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    Discovering where a fault lies on your outboard Empty Discovering where a fault lies on your outboard

    Post by Admin on Tue 26 Apr - 12:45

    The Following information is the routine I use in discovering where a fault lies, it is quite generic and applies to most outboard motors, once you have read the information and found that a fault is still residing on your engine please let me know and we can move forward onto other possibilities you dont need to press accept until you are happy with the answer and you can keep the question open until you are happy.

    First you need to diagnose what the fault could possibly be, First checks to always undertake

    would be a spark test and compression test, this will rule out an spark problem and a serious

    mechanical failure.

    The spark test should always be done with safety in the forefront of your mind

    the flywheel is spinning and can do a lot of damage,

    remove the plugs from the cylinders get a good source for grounding them on the engine block and make sure that they stay grounded, if

    the spark is not allowed to go to ground it can feed back through the ignition system and damage

    the Ignition, crank the engine and ensure that all cylinders have a bright blue spark,this test

    can also be done with an inductive timing light(with plugs left in) or a "glass" spark plug

    which plugs between the HT lead and the plug, whilst doing the spark check with the plugs removed

    you can put a compression tester onto each cylinder and check compression, compression should

    always read over 100psi and within 15psi of each cylinder, if the readings fall outside of these

    figures then the chances are you will need to have the engine overhauled as some internal wear/

    damage has occurred, an engine with all 3 cylinders at 90psi can still idle ok but will not develop

    the HP required to run efficiently,if the spark and compression tests come back good then you can

    assume that the fuel system is where the problem lies, firstly check that you have good fuel and

    not contaminated old fuel, modern fuels only have a shelf life of a couple of months before they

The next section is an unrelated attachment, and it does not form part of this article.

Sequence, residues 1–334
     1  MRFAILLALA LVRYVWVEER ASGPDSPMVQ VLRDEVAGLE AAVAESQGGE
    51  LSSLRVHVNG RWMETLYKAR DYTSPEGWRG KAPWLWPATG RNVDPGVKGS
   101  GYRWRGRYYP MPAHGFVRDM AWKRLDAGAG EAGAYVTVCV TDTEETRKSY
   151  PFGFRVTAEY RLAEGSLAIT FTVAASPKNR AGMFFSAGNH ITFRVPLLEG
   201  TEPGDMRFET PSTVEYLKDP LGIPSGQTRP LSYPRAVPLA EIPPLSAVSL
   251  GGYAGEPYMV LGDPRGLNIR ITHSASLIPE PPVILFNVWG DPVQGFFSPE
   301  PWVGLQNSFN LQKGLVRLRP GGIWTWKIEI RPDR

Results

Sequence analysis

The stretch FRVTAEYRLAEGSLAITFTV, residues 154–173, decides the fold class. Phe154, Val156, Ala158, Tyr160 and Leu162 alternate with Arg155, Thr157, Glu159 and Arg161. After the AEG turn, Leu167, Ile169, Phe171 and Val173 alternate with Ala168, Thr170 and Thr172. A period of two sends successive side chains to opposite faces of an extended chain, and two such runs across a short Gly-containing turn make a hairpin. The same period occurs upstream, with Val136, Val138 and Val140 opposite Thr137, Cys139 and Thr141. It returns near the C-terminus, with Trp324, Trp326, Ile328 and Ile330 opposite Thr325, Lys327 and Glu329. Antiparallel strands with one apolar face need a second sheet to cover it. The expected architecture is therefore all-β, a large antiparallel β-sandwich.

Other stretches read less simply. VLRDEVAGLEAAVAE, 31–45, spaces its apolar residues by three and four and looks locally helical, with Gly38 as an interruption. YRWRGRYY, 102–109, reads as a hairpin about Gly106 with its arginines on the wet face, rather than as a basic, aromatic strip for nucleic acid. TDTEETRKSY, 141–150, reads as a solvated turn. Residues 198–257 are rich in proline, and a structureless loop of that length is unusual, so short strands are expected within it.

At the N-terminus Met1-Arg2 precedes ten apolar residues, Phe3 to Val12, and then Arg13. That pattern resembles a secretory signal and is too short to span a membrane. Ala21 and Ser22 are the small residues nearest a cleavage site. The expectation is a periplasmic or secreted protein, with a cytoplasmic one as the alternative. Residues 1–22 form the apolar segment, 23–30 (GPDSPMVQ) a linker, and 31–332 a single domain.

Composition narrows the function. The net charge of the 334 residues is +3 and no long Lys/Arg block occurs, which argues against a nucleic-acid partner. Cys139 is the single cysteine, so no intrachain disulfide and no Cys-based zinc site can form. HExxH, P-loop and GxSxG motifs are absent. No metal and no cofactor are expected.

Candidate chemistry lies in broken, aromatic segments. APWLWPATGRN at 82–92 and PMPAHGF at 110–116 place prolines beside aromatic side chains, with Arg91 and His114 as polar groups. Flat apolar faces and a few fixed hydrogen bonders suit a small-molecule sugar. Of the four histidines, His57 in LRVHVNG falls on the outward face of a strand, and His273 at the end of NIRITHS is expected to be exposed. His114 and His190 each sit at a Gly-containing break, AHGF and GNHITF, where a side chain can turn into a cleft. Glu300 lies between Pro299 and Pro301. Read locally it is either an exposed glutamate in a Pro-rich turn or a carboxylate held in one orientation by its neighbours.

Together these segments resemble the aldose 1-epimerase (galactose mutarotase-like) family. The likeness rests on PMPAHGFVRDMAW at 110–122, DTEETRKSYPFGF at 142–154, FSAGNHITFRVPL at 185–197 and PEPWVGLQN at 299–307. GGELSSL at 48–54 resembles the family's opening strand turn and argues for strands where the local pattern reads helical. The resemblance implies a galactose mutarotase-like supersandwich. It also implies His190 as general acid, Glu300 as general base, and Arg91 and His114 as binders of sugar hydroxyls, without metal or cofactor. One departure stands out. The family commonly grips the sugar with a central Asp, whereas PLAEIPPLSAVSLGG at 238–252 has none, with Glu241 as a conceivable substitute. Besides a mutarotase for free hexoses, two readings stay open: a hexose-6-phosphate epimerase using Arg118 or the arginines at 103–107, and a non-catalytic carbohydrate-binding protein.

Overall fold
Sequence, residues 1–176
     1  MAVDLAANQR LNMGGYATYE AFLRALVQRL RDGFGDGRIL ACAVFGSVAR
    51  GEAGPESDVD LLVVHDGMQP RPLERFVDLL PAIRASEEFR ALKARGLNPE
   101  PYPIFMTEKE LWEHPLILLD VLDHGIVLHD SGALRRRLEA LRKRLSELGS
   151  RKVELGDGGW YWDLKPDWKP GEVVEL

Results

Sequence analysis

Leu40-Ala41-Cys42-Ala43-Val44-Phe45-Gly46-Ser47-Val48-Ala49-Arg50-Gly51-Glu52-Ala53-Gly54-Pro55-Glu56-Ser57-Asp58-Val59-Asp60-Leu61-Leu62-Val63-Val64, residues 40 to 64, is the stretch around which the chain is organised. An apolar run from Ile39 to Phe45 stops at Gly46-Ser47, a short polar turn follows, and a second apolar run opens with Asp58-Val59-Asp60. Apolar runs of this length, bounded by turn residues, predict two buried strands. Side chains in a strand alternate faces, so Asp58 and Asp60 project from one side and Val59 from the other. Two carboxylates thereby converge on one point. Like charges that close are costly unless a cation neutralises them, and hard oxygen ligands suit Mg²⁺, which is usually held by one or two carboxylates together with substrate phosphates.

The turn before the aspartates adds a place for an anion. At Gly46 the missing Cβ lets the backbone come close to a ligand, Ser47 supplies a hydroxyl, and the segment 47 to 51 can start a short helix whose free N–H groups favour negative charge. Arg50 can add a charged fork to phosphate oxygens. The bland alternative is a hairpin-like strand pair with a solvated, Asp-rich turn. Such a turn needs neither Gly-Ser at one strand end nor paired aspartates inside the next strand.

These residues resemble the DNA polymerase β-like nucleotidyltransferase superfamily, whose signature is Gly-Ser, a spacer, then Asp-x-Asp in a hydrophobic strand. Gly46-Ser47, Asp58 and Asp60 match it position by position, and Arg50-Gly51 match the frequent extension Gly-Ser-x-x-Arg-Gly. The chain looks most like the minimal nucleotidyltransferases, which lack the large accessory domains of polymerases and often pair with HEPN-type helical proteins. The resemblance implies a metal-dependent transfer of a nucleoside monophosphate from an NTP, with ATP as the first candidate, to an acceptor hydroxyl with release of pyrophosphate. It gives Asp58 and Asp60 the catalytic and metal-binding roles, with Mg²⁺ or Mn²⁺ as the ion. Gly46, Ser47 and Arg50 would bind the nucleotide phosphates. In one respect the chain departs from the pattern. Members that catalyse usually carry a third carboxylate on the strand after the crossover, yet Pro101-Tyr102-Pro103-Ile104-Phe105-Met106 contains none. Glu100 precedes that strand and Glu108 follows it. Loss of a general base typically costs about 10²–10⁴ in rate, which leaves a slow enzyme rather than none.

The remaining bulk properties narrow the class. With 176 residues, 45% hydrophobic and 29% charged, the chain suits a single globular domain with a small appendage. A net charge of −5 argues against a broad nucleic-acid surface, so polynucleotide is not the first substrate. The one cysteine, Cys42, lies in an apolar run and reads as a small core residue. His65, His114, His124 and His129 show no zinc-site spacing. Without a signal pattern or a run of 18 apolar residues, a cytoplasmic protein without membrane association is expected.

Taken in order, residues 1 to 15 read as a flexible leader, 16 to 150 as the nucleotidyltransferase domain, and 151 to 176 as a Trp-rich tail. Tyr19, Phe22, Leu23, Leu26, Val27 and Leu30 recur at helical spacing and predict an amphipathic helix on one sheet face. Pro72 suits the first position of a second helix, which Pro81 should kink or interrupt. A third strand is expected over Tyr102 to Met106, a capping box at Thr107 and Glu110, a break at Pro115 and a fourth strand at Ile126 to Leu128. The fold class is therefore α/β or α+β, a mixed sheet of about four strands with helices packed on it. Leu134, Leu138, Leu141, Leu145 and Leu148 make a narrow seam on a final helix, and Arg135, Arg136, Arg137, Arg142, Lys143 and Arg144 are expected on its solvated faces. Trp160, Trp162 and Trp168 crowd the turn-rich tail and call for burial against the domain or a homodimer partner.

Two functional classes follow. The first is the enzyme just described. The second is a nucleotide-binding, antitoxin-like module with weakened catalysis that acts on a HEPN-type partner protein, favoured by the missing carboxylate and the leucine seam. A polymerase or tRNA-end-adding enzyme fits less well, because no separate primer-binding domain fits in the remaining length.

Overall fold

start deteriorating so if you are using last years fuel this can cause problems,if the fuel is good

    then your next thing to check is that all fuel lines up to and including the engine are in good

    condition with no cracks splits or poor connections,change the fuel filters as they can block and

    restrict fuel flow, check your fuel pump diaphragms as any splits or holes will cause an engine to

    run inefficiently, if you have a hole in a diaphragm the fuel will usually pass straight into

    the crankcase and "over fuel" the engine this is because most fuel pumps are vacuum driven directly from

    the crankcase pressure. If all these checks are sound then move onto the carb/s the carbs will need to

    be removed, stripped and cleaned, I use a product by Quicksilver called Power tune to clean the carbs

    this product dissolves salt residue and the "varnish" just spray it all over the carb components leave for

    a few minutes and spray them clean, I dont recommend the use of high pressure air lines as this can

    sometimes push a blockage further into a recess and cause more problems, if the blockage is very bad then

    you could take the carbs to a specialist who has an Ultrasonic Cleaner In an ultrasonic cleaner, the object

    to be cleaned is placed in a chamber containing a suitable ultrasound conducting fluid . The main mechanism

    of cleaning action is by energy released from the creation and collapse of

    microscopic cavitation bubbles, which break up and lift off dirt and contaminants from the surface to be

    cleaned. The higher the frequency, the smaller the nodes between the cavitation points which allows for more

    precise cleaning. The bubbles created can be as hot as 10,000 degrees and 50,000 lbs per square inch, but

    are so small that cleaning and removal of dirt is the main result.

    Whilst the carbs are off check the Reed valves on the inlet manifold for cracks breaks and even a reed missing completely the reed valves are to help control when the fuel is drawn into a cylinder if one has broken you will need to investigate to ensure that no internal damage has happened to the engine this will usually show up on the compression test with an abnormally low reading ie below 100psi.

    When you reinstall the carb/s if you have 2 or more you will need to ensure that the carbs are synchronised this is vital to the idle of an engine basically when you put the carbs back on and adjust any idle you must ensure that all the carbs butterfly's are completely closed at idle, this ensures that a cylinder is not trying to run faster than the others or vice versa.



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